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Dr. Anthony Fauci, a key member of the coronavirus task force, had previously backed funding for a controversial lab in Wuhan, China that has been studying the coronavirus in bats, according to Newsweek.

Fauci’s National Institute of Allergy and Infectious Diseases funneled a total of $7.4 million dollars to the Wuhan Institute of Virology lab.

The National Institutes of Health, which oversees the NIAID, shut down all funding to the lab last week.

There has been increasing certainty among U.S. officials that the Wuhan Institute of Virology lab is the original site of the COVID-19 virus, though not as a bioweapon but as part of China’s attempt to demonstrate that its efforts to identify and combat viruses are equal to or greater than the capabilities of the United States, according to an April 15 report by Fox News.

That same week, The Washington Post reported that U.S. Embassy officials warned in January 2018 about inadequate safety at the Wuhan Institute of Virology lab and “passed on information about scientists conducting risky research on coronavirus from bats.”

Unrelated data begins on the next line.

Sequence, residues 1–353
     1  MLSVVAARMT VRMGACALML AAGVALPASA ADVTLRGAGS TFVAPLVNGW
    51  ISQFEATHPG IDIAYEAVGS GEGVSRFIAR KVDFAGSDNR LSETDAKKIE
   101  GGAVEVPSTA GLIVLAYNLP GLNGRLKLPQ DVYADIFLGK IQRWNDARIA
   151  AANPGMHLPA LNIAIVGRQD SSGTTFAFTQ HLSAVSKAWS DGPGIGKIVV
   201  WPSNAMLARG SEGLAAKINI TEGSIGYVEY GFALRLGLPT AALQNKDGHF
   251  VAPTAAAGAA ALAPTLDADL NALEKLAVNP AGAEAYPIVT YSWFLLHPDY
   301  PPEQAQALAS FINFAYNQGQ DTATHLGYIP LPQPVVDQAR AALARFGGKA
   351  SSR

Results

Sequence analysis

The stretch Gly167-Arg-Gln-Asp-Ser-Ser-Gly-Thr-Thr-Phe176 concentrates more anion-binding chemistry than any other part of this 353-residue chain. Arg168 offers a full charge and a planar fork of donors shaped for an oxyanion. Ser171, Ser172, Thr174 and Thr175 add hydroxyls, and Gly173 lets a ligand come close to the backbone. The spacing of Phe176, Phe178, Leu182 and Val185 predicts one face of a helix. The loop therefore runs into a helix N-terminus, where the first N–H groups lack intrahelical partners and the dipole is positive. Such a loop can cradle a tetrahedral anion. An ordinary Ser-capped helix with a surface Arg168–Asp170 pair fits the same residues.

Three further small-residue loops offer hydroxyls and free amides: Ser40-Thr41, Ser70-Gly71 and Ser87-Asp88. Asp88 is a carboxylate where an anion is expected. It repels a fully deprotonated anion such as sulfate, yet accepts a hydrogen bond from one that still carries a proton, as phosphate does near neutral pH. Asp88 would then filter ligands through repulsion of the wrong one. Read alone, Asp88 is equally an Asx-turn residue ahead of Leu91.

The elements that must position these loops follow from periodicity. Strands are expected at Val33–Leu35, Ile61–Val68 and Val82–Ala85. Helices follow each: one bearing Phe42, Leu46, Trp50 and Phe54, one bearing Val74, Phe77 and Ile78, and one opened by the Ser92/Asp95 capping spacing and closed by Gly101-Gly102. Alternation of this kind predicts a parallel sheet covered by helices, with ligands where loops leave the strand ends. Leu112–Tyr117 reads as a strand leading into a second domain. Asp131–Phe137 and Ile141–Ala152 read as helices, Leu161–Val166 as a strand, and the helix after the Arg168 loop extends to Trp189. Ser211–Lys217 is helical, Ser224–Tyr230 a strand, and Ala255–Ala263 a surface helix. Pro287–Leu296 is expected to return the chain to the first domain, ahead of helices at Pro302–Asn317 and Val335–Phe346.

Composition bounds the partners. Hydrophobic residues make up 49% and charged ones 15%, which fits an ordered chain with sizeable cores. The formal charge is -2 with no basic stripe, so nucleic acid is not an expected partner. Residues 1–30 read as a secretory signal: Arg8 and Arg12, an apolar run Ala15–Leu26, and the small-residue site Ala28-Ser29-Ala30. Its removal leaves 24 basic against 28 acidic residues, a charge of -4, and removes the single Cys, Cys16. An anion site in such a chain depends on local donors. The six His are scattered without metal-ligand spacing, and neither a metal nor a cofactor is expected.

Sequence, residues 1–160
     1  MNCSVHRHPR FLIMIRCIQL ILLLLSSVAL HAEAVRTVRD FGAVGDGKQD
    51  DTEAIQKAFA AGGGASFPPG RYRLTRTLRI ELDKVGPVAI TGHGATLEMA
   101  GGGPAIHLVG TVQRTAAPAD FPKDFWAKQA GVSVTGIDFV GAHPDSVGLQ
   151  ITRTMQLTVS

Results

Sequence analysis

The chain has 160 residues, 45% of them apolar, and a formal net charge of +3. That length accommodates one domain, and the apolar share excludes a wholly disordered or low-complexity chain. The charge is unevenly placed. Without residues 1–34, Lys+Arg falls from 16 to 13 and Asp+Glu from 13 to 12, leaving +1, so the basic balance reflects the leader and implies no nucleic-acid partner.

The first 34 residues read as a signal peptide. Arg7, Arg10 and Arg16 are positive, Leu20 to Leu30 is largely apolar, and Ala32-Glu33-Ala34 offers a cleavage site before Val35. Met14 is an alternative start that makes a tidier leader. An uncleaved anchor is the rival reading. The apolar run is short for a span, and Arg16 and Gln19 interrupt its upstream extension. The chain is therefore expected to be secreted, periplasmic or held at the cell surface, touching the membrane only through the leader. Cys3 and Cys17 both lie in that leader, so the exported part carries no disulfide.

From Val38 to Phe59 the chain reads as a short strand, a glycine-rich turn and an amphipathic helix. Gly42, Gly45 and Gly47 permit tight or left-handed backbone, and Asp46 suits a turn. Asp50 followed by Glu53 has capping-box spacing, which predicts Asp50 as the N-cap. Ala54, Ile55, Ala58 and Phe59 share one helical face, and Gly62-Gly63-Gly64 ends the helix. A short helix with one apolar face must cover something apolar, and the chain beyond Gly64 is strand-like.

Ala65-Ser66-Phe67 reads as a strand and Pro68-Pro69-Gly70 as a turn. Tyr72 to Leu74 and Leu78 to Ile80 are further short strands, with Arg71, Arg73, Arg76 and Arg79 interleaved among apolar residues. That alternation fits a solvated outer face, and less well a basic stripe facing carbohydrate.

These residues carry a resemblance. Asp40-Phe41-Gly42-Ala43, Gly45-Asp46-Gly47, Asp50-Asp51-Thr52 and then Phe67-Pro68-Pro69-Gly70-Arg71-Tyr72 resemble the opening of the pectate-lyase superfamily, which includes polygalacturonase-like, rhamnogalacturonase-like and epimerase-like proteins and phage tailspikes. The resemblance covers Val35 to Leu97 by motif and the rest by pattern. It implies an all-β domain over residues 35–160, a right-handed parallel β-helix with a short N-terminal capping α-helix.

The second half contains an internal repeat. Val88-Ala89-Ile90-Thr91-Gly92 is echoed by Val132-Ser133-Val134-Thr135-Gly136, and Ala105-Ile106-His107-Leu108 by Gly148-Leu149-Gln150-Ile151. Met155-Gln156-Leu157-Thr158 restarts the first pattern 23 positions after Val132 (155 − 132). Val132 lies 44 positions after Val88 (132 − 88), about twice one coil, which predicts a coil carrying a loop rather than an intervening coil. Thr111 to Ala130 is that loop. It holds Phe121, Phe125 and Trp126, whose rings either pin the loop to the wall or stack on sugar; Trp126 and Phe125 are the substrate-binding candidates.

Meanwhile, Dr. Anthony Fauci said this week in a discussion sponsored by the Economic Club of Washington that he was “cautiously optimistic” that a vaccine to stop the coronavirus will be known “by this coming winter.”

Asked about a report that researchers at Oxford University have developed a vaccine that has worked in monkeys, Fauci replied: “There are going to be a lot of candidates out there.”

“Hopefully we can move along rather rapidly to get an answer ‘are they are safe and effective?’,” Fauci said.

Friday morning, WIBC host Tony Katz commented on Dr. Fauci’s confidence in the development of a vaccine for COVID-19 and the National Institute of Allergy and Infectious Diseases’ funding connection to the controversial lab in Wuhan, China.

Click the link below to hear Tony’s full commentary.

Photo: Tom Williams/Getty Images